Wednesday, March 04, 2009


Last night, the Mistress of Sarcasm handled the cooking chores, running up a cauldron of Split Pea and Sweet Potato Soup with a recipe she got from Gilad’s sister Hagar:

Hagar’s Split Pea and Sweet Potato Soup

One bag of dried split peas (400-500g)
1 large onion, finely sliced
3-4 garlic cloves, minced
4 carrots, sliced into discs
½ sweet potato, diced small
Fresh ginger root, chopped - or ginger powder if you don’t have fresh
Some salami, cut into chunks
½ teaspoon cumin
Salt and pepper, to taste

Put some oil in a pot and sweat the onions over medium heat. When they start to turn golden, turn the heat down and add the garlic. Do not allow the garlic to burn.

When the garlic softens (there will be a nice smell), add all the other ingredients and stir until the carrots begin to soften and caramelize. Then add water just to cover the mixture. Bring the mixture to a simmer, cover, and cook for 10 minutes. After 10 minutes come back and check to see if the water has been absorbed. If so, add some more, about 2 inches. Let it simmer for another 10-15 minutes and then come back... every time you stir the soup it will get softer and mushier, until finally the vegetables will break down into a nice purée.

If you soak the peas for 24 hours before you cook them, the cooking time will be shortened considerably. And as with most soups, this one is even better the next day.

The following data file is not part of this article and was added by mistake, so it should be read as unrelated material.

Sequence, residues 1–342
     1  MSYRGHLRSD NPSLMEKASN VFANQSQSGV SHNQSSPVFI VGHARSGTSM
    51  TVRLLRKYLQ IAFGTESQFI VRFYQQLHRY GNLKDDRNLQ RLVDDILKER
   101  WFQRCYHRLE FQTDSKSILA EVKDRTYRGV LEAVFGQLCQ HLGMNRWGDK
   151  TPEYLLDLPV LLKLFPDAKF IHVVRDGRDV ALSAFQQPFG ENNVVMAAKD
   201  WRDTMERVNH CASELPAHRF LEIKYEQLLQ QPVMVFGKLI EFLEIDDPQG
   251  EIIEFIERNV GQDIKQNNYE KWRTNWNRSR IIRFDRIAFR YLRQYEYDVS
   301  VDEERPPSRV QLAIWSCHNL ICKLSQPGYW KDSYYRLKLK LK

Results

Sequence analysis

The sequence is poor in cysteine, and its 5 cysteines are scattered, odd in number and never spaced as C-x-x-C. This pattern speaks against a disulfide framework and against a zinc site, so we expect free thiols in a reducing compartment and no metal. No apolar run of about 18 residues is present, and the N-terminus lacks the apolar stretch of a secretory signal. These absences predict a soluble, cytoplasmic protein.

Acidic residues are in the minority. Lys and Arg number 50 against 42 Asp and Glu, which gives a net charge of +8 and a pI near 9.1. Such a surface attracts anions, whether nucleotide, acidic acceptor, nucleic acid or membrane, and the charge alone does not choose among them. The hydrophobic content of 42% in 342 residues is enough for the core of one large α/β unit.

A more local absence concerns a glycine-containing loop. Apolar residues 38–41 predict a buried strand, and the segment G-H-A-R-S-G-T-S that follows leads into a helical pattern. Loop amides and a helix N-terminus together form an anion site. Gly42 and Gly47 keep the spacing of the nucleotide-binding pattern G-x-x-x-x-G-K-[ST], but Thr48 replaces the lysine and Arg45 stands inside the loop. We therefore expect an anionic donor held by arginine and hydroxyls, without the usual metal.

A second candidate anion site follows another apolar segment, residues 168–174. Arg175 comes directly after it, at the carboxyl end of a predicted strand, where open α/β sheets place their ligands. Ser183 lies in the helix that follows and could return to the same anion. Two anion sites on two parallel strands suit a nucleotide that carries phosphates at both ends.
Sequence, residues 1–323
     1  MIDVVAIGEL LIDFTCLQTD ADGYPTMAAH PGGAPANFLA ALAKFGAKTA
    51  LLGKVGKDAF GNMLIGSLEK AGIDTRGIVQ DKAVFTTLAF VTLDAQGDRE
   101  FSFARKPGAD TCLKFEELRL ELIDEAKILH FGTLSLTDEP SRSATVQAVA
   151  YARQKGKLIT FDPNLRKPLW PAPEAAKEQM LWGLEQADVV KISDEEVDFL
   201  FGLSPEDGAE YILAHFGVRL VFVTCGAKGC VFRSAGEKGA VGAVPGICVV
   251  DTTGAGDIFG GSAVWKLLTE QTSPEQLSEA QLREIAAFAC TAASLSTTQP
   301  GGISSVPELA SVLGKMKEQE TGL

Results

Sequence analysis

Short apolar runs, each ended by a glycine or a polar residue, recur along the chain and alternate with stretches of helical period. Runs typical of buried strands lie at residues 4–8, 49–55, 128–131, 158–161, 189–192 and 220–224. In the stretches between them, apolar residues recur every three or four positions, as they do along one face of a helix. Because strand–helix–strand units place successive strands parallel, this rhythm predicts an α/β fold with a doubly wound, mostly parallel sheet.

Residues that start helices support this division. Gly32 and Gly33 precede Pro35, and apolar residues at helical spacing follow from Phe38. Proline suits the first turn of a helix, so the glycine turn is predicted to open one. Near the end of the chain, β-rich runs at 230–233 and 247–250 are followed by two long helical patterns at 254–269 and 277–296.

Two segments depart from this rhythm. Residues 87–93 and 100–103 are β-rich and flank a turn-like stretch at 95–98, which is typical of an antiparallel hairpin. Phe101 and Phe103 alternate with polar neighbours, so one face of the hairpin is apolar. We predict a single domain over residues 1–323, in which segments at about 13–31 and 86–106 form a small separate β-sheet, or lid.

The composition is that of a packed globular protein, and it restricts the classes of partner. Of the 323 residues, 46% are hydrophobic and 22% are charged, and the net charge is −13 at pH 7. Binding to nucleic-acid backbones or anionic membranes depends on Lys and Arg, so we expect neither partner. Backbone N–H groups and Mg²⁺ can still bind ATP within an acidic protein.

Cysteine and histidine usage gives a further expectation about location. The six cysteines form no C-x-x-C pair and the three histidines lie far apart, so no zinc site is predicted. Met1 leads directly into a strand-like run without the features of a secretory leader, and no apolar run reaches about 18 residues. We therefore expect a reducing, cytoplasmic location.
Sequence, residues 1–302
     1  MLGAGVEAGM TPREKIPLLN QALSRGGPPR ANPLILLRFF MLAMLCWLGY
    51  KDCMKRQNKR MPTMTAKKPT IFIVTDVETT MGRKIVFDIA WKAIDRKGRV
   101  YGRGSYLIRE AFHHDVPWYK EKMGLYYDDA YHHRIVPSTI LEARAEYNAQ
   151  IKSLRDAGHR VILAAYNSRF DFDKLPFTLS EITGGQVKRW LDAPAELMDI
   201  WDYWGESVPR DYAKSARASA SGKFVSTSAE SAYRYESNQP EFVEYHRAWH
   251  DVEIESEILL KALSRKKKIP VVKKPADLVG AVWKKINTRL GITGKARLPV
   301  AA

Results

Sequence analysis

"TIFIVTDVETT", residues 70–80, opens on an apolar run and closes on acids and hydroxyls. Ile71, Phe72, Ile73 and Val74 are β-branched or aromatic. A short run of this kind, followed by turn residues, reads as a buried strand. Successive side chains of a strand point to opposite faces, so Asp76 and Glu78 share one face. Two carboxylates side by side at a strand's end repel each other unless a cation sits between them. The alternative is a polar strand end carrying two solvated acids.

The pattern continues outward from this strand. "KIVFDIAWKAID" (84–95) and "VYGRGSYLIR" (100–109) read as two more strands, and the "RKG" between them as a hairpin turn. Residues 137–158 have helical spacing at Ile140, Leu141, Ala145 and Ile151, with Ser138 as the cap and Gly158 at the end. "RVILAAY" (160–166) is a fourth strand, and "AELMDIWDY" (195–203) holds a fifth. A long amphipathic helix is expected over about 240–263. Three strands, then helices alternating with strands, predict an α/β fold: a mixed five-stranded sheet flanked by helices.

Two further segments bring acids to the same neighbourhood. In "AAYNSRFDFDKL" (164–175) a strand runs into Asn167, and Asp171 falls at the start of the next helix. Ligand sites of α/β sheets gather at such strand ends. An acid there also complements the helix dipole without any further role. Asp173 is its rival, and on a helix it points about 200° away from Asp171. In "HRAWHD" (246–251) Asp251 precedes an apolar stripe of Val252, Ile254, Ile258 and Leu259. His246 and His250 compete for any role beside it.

Optional Addition: I like to throw in a splash of fino sherry - it complements a legume soup perfectly. The Mistress prefers to do without.

Split Pea and Sweet Potato Soup
Split Pea and Sweet Potato Soup, simmering away. Early in the process, the vegetables are still intact.

By way of soup meat, the Mistress used beef chunks in lieu of the salami in Hagar’s recipe, browning them first in a skillet. The recipe also would work well with sliced-up beef sausage.

How was it, this culinary sally of the Mistress? It was superb. The sweet potatoes broke down during the soup’s long, slow simmer, enriching the texture and adding a subtle layer of flavor. After a couple of hours on the stove, it had thickened up nicely. The biggest problem I had was restraining myself from eating the whole fucking potload, it was just that good.

The Mistress, it should be pointed out, is taking her first tentative steps into the World o’ Cuisine. Based on what she has been able to do so far, I predict she will be the source of a constant stream of Good Cookin’.

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